The fact the internet is littered with graphics like this bothers me.
Cold War historian John Lewis Gaddis once divided his colleagues into “lumpers” and “splitters”. Those in the first camp usually sought to generalise about neat patterns that reduce the untidiness of history, he noted, while the second group preferred to reject these patterns in favour of complexity and endless distinctions. Getting the right balance between lumpers and splitters, wrote Gaddis, was “no easy thing”.
It seems a cultural version of the lumper-splitter problem now burdens the painful debate on why a steady flow of young Britons are aspiring to become jihadi brides and henchmen.
Theories from the Left have included cultural insensitivity, the provocation of Islamophobes, marginalisation by the state, victimisation by its security services, villainous Western foreign policy and neo-imperialism, or just Tony Blair.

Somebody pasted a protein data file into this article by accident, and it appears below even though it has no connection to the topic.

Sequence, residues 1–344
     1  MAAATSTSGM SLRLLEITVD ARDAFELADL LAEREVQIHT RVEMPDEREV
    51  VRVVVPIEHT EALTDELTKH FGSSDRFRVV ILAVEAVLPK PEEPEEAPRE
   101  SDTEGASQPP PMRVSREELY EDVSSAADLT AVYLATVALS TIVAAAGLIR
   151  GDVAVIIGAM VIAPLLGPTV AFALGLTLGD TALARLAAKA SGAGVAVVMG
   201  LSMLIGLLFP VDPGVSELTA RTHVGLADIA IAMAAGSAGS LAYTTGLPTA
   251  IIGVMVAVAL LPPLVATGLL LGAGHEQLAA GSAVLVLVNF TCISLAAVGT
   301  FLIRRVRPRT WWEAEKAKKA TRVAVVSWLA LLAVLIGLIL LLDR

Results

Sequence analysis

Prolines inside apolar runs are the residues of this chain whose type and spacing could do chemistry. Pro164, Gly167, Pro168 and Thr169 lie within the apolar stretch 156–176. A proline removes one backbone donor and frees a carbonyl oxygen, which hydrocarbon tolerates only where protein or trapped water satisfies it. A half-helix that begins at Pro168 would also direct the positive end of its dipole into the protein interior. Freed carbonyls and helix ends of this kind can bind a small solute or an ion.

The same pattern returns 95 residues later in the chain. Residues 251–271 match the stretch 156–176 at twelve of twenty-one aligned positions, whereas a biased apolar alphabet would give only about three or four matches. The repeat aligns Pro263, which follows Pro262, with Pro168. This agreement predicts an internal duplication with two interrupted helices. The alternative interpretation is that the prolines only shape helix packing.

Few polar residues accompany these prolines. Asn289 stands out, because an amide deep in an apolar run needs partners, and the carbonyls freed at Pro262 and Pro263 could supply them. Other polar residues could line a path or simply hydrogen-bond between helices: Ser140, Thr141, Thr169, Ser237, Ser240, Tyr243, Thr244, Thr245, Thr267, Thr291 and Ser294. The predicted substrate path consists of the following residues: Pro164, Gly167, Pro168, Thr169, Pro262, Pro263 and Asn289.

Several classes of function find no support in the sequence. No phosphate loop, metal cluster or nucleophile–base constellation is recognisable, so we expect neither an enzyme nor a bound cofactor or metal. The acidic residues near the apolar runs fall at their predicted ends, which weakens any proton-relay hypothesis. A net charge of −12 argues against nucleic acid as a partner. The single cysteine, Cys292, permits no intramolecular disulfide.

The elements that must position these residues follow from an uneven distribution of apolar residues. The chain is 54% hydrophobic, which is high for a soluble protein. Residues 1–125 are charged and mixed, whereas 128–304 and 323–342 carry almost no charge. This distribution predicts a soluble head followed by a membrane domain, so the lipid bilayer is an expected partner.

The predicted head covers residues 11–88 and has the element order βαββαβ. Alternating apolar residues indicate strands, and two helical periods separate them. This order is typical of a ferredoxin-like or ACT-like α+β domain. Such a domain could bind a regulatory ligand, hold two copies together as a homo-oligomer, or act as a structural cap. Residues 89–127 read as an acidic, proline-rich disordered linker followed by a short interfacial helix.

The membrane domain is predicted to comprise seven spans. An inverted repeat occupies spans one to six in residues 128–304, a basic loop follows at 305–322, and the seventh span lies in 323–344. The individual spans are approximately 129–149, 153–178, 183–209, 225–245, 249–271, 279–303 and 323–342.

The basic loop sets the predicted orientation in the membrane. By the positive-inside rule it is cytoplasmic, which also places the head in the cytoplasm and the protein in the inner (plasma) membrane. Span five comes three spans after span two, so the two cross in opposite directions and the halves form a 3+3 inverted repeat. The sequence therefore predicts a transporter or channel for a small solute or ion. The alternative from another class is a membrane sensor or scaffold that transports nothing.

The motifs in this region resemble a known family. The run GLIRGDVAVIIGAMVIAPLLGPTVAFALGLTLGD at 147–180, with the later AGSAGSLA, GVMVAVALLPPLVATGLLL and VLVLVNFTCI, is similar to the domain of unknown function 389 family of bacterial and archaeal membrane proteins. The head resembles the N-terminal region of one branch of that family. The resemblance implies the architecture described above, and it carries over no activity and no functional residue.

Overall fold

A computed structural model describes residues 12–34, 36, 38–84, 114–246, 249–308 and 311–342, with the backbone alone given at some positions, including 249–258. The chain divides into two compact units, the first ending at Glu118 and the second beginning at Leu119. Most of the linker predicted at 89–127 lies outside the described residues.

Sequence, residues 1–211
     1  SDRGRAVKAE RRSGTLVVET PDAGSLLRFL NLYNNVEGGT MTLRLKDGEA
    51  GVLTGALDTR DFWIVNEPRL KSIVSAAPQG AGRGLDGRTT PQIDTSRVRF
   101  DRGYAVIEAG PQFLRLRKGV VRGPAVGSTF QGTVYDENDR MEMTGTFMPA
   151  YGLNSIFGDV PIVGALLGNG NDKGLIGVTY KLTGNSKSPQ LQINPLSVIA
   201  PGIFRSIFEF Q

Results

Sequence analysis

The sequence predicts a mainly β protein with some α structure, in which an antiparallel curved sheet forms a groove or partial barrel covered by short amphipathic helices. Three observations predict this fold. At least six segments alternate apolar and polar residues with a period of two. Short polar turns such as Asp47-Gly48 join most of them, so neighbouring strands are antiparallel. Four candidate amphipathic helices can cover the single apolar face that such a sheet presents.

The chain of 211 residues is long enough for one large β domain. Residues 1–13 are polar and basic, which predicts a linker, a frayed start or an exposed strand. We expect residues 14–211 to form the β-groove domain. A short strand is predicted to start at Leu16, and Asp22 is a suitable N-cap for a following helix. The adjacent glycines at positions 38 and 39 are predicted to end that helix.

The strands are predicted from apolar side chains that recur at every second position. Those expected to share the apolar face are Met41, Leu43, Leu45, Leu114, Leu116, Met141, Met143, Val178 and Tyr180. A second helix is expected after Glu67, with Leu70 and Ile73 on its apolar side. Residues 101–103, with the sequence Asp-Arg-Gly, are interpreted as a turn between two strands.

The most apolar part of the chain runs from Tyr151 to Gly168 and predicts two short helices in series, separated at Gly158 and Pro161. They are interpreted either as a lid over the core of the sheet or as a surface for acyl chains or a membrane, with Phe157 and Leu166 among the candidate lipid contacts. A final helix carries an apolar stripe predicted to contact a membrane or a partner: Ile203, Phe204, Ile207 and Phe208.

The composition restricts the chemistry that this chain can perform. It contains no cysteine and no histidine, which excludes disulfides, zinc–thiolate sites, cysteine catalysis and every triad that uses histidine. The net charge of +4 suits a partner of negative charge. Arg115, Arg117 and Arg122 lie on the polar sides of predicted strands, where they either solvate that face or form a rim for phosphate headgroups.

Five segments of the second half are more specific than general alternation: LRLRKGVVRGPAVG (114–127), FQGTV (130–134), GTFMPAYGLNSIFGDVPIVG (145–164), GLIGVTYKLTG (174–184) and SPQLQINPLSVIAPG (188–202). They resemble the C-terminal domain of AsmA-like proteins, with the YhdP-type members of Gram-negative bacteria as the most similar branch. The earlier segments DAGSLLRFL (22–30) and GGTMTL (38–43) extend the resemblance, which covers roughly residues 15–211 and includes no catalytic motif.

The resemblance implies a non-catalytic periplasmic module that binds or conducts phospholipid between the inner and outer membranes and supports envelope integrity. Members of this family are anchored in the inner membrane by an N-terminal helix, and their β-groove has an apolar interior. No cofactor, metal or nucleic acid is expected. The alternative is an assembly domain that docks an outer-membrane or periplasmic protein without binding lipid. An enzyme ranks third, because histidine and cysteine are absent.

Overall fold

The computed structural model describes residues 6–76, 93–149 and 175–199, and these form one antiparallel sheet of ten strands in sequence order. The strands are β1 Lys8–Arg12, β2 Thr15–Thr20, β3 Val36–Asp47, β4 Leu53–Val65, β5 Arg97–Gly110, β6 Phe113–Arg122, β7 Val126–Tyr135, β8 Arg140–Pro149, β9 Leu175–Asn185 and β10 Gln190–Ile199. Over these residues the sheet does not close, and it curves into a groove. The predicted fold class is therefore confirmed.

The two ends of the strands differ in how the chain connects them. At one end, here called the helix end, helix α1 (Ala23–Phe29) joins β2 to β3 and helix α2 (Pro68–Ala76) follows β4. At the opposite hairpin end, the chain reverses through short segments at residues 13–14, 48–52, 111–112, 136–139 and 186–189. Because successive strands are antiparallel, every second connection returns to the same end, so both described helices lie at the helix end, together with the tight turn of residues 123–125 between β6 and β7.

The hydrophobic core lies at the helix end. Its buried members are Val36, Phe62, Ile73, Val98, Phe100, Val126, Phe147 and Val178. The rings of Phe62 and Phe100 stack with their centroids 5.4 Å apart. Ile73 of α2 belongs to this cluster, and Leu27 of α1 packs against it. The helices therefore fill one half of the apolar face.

Commentators on the Right have variously emphasised the failure of multiculturalism and immigration policy, the influence of unassimilated enclaves, unimpeded hate speech, inadequate funding for security services, embedded ideology within Islam itself, and the low self-esteem of loners.
In the process, pundits for each camp have lambasted the other, with Left accusing Right of conflating British Muslim identity with fundamentalism, and vice versa for refusing to acknowledge the cultural or religious dimensions of the issue…